3. Why do you create?

Not creating is not an option. I really am driven to create. It's a need and I don't ever recall a time it was any different.

4.How does your creative process work?

I always have ideas on the go. I do make a lot of series of things, which I think works well for prints. I use a lot of photographic references. So, when I choose a subject, I do some research and look at a lot of images. Sometimes I work on the images - very badly and inexpertly - in Photoshop. Then, I draw the image in reverse on to lino and plan how it would work as a print (what is positive, negative space and how it will be coloured). I like the soft artist's lino. I carve away the negative space, pulling the odd proof as I go. Sometimes, when removing material, less is more, so it's important to know when to stop. So proofing is important, cause you can't go back. When the block is done, I cut Japanese paper for an edition. I ink the block and place my paper on top. I burnish my prints using a baren, as one would with a traditional Japanese moku hanga woodblock print. Using Japanese papers and a baren means I can work in my own home, without a press. It also means I can use beautiful Japanese papers.


Now, let me introduce two creatives who inspire me with their work.


Carolyn Eady of Sprouts Press Designs is another local on our team. She's a bookbinder and printmaker. You probably can guess how I feel about books. As well as literature, I love books - the physical books themselves. I've made some of my own, and even took one of Carolyn's workshops (which she graciously offered to her team mates, in our first art/craft skills-based workshop). She is one of the artists I know who does come out and share her knowledge and help others. She makes objects of beauty, simplicity and honest craftsmanship, with real playfulness with the medium. Her entry in last year's 'In the Round' show at Graven Feather, was one of the most original... a sort of deconstructed circular book.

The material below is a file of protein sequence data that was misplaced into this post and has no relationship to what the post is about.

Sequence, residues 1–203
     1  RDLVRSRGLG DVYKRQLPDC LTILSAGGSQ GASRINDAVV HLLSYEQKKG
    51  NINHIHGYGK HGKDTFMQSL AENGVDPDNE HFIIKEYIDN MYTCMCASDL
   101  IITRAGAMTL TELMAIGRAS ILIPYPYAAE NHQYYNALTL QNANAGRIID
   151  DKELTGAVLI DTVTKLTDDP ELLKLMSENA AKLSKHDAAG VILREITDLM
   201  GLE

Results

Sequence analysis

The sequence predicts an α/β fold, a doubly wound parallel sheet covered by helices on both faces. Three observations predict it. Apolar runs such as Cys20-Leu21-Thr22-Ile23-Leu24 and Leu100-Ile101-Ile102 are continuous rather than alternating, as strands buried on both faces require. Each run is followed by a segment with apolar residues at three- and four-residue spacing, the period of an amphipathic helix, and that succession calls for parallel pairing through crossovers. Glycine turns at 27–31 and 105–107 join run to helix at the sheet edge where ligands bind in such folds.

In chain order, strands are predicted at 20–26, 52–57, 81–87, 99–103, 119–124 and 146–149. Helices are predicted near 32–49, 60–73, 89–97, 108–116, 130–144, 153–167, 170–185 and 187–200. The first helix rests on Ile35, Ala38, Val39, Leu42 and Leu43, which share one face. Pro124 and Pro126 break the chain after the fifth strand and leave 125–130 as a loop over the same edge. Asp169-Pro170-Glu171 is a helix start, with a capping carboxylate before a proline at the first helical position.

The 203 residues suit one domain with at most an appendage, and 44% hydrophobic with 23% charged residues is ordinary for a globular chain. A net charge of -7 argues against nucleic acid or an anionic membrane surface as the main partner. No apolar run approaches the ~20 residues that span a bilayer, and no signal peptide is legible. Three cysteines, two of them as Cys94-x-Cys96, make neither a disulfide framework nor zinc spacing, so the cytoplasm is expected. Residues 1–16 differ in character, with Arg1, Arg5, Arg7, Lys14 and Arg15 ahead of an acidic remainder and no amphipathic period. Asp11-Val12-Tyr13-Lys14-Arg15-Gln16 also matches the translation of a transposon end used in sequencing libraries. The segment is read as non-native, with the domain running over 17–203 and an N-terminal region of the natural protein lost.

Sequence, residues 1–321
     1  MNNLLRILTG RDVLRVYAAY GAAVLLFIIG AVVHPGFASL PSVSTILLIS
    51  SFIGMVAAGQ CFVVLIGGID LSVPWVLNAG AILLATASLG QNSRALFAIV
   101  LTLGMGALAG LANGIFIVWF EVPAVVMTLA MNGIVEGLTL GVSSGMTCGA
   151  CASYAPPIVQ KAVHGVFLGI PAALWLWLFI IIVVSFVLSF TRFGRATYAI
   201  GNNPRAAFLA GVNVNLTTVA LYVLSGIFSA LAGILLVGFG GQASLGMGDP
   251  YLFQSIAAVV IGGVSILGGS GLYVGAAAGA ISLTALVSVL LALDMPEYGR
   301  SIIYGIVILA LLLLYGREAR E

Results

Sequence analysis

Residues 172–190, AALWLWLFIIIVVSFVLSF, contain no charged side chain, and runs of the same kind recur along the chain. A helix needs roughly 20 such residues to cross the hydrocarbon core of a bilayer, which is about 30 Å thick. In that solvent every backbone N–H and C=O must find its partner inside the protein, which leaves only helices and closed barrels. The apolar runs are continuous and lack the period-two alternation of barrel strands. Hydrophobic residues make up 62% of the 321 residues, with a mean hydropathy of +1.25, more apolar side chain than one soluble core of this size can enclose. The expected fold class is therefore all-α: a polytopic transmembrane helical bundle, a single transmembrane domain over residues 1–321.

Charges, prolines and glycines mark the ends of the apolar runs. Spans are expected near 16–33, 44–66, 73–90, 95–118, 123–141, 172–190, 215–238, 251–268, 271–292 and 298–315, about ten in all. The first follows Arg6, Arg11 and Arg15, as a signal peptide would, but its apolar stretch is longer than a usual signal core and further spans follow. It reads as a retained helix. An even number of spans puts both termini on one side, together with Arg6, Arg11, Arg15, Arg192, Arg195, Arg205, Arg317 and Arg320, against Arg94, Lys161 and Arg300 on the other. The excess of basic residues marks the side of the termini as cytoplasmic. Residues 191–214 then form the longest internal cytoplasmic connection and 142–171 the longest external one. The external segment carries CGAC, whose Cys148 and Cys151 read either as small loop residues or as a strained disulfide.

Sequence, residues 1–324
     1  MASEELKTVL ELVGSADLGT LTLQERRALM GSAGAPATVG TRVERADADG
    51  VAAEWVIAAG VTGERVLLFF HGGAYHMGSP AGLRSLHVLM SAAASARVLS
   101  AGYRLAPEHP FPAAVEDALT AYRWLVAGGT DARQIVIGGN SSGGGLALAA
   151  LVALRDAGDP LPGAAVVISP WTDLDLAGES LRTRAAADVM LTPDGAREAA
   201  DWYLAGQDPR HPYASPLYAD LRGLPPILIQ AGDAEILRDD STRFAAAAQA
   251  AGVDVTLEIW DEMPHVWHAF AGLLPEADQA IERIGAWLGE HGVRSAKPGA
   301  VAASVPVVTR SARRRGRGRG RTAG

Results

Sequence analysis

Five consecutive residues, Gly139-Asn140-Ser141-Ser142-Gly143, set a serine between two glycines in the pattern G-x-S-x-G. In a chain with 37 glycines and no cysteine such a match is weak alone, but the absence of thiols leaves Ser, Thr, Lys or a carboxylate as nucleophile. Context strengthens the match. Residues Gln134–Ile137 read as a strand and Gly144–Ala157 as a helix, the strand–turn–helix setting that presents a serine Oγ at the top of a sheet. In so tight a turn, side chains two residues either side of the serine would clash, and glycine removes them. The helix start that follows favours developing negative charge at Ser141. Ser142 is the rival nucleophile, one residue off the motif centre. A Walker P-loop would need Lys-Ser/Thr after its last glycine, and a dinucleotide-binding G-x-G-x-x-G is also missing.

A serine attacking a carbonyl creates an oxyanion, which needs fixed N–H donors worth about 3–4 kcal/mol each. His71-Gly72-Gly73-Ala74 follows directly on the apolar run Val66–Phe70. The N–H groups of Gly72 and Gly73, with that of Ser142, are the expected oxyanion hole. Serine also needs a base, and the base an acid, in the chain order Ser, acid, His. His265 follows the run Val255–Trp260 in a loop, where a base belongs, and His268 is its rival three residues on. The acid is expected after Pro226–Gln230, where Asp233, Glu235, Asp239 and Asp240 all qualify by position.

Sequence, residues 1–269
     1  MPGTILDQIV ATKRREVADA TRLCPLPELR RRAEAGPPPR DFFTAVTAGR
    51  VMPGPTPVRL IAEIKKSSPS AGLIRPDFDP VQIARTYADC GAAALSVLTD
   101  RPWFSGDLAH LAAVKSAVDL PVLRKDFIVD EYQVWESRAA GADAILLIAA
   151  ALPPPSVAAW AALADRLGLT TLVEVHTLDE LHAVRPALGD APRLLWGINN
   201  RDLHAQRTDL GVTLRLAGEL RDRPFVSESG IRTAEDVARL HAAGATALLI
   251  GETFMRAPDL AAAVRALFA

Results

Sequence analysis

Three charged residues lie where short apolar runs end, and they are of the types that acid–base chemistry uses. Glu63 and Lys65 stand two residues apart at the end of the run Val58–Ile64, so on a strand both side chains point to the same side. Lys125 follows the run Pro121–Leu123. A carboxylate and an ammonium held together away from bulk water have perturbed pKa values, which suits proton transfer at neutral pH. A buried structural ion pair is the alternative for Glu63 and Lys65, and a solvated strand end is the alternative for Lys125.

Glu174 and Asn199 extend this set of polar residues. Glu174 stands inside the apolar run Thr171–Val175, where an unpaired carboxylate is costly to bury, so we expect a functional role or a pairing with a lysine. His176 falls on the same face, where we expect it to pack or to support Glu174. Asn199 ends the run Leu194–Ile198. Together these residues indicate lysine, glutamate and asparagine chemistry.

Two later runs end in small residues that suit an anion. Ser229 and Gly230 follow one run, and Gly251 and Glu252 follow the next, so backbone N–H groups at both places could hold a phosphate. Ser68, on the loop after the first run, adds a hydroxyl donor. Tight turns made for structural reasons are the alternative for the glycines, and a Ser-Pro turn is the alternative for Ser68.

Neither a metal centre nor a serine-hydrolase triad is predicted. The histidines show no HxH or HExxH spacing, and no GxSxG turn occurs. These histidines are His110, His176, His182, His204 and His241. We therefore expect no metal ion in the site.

I love the idea of wearing your books:


Mini Book Necklace - Leather Journal pendant from Sprouts Press Designs
You can find all sorts of different types of books in her shop:

Montreal Embroidered Coptic Bound Travel Journal from Sprouts Press Designs
Japanese Stab Bound Journal, Hemp Leaf Binding, Painted Cover, Journeys in Winter Browns by Sprouts Press Designs

I wanted to also profile someone who isn't a Torontonian, whom locals may not know. My friend Tanis is awesome. I first met Tanis Alexis Laird online, on Craftster, years ago, when I lived on Vancouver Island and she lived in Vancouver. She was an artist seeking to learn more about physics, since she was working on a series of paintings about particle physics. I was a scientist needing to make more art. We became friends... though it was harder to manage to meet up in person than you might imagine. I didn't meet her in real life until I'd moved back to Toronto, and came to Vancouver for my job. (She's since moved with her family to the Island.) Tanis is an immensely talented fibre artist, painter, multimedia artist, artisan and all around good person. When I joined Etsy she was Captain of the Trans Canada Etsy Team, and I thought how lucky I was to know someone who was important for Canadian sellers (and I'm sure she'll get a hoot from that). She's not only someone who rallied and organized Canadian Etsy sellers, she's the sort who maintains an international network of artist friends and is more engaged in trying to make the world a better place for all than pretty much anyone I know. She makes all sorts of different beautiful things. You can find her work on flickr,  her blog and on society6. I love having her art in my home!
wabbit
Tanis Alexis Laird, 2012. soft sculpture.
wired ears, handmade felt fabric, needle felted tail, vintage button eye.


Fascinating!
mini nuno wraps and felted fascinators by Tanis Alexis Laird
I love the multimedia combining drawing, painting and sewing.
We Shall Live Here #6, by Tanis Alexis Laird